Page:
This article defines a common man with a bar that is too high. As per their definition of a common man, I would not be a common man. A majority of AIDers would also not be common men (or women).

The article says that train bombings only affected “really poor people”, and in saying so, it completely ignores local realities. What, really does the article think a middle class individual is? I remember traveling to college everyday in a second class compartment in Mumbai with 10-15 of my friends. I too may have been dead if the attack were on my compartment. My mom missed the 1993 blasts by a hair’s breadth. I was significantly pained by the developments of July 26th, when Mithi river combined with rains lashed the city. Several of my friends lost their apartments with everything in it. Some of my colleagues had friends who died saving lives. Articles such as these do not do justice to the individuals mentioned above. I agree that media attention for the Taj attack shows how high-society damages are being considered very important. But at the other end, it is also fashionable to highlight only the “completely helpless”. There is someone in the middle who always loses out. 🙂

This someone in the middle is the householder who owns a scooter (If he has a car, he is in pretty bad shape, since he is too filthy rich), has a mortgage on a flat (If he owns one, hard luck – the Govt should be doing nothing for him), two kids who go to school, and a job (or two) that consistently lets the family meet ends. The family tries its best to save, it is conscious of society, but its consciousness is either directed towards religious charity, or it is very busy in maintaining a tight ship. In the worst case, the consciousness is overwhelmed by the feeling of “Every man to his own – no one is helping me, so why should I help others.”. This someone in the middle is often ignored by the media and establishment.

But then, why am I writing this email to you, and not to someone else, maybe the editor of the Washington Post. This brings me to the real grudge. I have always been outraged that our establishment exhibits callous behavior when common people die. It’s reaction to the parliament attacks has been significantly different from say, the July 26th rains in Mumbai, Bihar floods, 1993 bomb blasts, Bhopal tragedy, the train bombings, and for a host of other issues. However, I also have a grudge that this person in the middle is systematically ignored by NGOs as well.

It is neither right, nor necessary for most NGOs to stick to this definition. Of course, the poor appeal as poster ads, but in the long run it is very damaging if the NGOs seek holistic and sustainable development. The issues of a middle-class individual – “access to clean water, decent roads, honest establishment, honest livelihood, nice education” are very much in line with those of “the poor”. One blame that can be placed on the middle-class individuals is that they are not (yet) 100% desperate for these resources, and have not (yet) extinguished the facilities at their disposal to guard families from a lack of resources.

I have held a household in India now only for about 3 months. In these short 3 months, I have begun to learn why it is very difficult for the so called middle-class to sustain themselves, and why they find it extremely un-realistic to help others. Few examples:

1. I have acquaintaces who hold top jobs, and would in no way fall under the category of “opressed”. Their kids receive education in a decent school amongst several other “decent” ones. The student teacher ratio is 1-60. The education he gets is nowhere close to marginally good, let alone ideal. The civics and moral science class is a heap of rubbish. What, then is the position of NGOs here?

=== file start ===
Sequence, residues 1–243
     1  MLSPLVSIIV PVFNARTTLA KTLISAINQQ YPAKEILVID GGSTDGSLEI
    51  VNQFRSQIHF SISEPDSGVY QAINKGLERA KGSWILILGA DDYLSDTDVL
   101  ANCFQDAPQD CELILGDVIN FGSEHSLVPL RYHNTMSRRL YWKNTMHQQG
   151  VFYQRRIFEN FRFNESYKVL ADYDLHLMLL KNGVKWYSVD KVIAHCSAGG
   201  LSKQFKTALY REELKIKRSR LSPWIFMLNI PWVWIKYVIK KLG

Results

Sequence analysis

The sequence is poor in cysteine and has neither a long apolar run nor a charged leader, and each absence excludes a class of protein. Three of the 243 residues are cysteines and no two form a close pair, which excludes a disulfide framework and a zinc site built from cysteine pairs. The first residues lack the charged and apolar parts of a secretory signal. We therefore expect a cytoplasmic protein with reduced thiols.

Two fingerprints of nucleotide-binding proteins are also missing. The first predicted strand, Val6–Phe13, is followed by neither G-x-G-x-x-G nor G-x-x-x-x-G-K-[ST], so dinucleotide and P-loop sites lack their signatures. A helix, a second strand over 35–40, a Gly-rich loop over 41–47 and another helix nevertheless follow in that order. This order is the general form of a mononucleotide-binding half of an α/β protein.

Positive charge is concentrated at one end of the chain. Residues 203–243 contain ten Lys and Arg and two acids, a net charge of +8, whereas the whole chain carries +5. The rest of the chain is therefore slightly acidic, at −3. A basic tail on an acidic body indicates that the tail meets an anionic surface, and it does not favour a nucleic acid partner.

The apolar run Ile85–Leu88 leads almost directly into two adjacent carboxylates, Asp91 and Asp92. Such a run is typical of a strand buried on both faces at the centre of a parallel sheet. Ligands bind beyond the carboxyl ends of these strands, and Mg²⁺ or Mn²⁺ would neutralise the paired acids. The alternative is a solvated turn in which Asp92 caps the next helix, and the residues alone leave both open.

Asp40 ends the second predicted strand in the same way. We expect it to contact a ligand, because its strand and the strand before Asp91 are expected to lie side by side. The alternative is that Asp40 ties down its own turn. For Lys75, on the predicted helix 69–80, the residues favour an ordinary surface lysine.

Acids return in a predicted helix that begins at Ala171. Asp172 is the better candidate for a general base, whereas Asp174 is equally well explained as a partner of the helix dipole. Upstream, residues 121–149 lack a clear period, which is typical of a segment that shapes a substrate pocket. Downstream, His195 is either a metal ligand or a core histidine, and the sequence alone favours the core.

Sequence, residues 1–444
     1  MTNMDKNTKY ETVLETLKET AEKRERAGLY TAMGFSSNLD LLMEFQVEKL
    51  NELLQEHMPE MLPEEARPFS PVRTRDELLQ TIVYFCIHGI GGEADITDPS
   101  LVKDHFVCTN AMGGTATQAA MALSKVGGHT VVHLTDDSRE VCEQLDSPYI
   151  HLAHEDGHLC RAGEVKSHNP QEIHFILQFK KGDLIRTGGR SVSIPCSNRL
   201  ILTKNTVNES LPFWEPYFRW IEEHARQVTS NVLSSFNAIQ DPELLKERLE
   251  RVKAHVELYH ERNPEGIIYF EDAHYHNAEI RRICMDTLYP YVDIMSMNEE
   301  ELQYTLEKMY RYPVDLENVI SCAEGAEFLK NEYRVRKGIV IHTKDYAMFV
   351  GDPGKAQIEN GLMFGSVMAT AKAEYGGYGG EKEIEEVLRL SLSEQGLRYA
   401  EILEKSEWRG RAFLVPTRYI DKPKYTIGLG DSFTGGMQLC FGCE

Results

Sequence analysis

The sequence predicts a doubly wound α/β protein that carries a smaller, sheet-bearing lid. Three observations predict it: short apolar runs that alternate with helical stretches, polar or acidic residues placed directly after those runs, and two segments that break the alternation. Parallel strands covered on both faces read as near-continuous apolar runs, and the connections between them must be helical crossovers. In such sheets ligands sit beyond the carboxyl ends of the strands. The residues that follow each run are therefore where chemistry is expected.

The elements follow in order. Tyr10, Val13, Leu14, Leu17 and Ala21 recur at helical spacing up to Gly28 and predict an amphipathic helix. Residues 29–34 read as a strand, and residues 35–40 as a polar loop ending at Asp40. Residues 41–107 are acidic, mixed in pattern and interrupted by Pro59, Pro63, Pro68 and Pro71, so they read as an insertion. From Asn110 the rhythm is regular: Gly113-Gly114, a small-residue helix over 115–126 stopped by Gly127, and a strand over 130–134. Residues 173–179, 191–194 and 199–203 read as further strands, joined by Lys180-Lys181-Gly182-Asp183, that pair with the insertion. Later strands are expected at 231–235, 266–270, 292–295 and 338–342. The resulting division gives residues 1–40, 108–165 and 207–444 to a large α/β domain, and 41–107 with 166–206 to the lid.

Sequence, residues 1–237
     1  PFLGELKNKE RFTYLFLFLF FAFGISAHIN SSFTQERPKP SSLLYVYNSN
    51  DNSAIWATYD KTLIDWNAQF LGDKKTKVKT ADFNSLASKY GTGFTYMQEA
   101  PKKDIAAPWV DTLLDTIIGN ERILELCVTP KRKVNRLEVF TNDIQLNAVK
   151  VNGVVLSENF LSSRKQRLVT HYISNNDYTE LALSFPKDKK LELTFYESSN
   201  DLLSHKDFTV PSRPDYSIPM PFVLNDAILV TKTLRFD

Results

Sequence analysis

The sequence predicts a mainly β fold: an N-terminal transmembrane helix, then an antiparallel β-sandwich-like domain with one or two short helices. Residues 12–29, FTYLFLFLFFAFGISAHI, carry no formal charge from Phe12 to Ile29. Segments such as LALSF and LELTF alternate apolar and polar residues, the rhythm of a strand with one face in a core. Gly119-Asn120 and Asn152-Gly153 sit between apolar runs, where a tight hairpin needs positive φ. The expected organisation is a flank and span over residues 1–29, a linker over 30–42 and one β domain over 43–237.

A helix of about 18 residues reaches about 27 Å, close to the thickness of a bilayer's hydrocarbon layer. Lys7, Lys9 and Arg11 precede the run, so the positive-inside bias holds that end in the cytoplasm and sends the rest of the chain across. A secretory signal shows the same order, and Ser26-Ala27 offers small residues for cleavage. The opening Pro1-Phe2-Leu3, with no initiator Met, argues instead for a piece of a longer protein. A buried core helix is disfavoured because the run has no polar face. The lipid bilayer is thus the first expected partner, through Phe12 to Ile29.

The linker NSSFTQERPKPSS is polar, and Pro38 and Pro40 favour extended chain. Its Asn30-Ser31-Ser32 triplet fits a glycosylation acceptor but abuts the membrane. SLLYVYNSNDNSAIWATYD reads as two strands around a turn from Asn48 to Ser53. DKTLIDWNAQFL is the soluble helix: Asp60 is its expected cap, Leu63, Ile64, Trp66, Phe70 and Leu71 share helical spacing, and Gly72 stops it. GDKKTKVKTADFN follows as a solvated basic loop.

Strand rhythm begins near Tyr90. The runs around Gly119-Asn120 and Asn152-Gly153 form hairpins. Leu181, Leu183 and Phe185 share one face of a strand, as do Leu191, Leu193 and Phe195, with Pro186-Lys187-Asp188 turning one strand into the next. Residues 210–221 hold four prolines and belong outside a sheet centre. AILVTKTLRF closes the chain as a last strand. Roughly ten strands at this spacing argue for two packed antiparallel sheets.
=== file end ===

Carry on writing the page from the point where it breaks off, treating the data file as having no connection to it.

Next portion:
2. I had been to the police station recently. It was incredible to note the level of apathy meted out to the ordinary police by our establishment. For the kind of facilities provided to them by our Govt., the work they do is amazing. I can only imagine what they would be able to do if someone were to ensure them security of their families and decent living condition. This police, alas will also fall below the bar of “the common man” who should be helped.

3. Several flats in Bangalore have to purchase bottled water. It has come to be accepted as a norm. The ground water is horrible. The middle class has not been told that this is sub-standard living. They will continue buying water because they do not know any alternative. I do not know if there is any solution for this.

4. Teachers in private schools do not get paid the salary they have signed up for. Almost all work for peanuts, while parents dole out significant amounts by way of fees.

There are several instances where the “middle man” always loses out and no one even likes to comment about it. Presumably, he has the ability to help himself. The latter is alas, just a presumption and very far fromt he truth. I would go further to say that if we do not help these individuals, NGOs and politico-social organizations (like Governments) are losing out on a large support base. If we can provide them with some simple assistance, some semblance of social responsibility in their daily lives, they can potentially become a sustainable force that will ultimately assist social development. This “person in the middle” has incredible resilience, the ability to help himself, and the intent to help others. But he needs assistance. The person is regrettably always ignored in the cross-fire between “high-society” and “marginalized”…

I guess if I had to summarize this in one line, I would put it as follows:
“How wretched should I be to get help from your hands?”

BTW, for those who know me better, I am not going to stop the current activities I am involved in. This entry mentions what I think is in-appropriate ethics on behalf of various establishments. I will continue my current work, and strive to create gradual changes.

September 23, 2008

Tuition center work at Bangalore

Filed under: association for indias development, NGO, social change — neosurya @ 04:11

A report that I prepared on the tuition center for AID-Bangalore:


http://docs.google.com/Doc?id=df2d7wp6_1hd5rbvfg

Had an exciting time teaching kids in a tuition center at a slum in Bismillah Khan Nagar near Jayanagar. Will be doing this every Wed from now on.

Create a free website or blog at WordPress.com.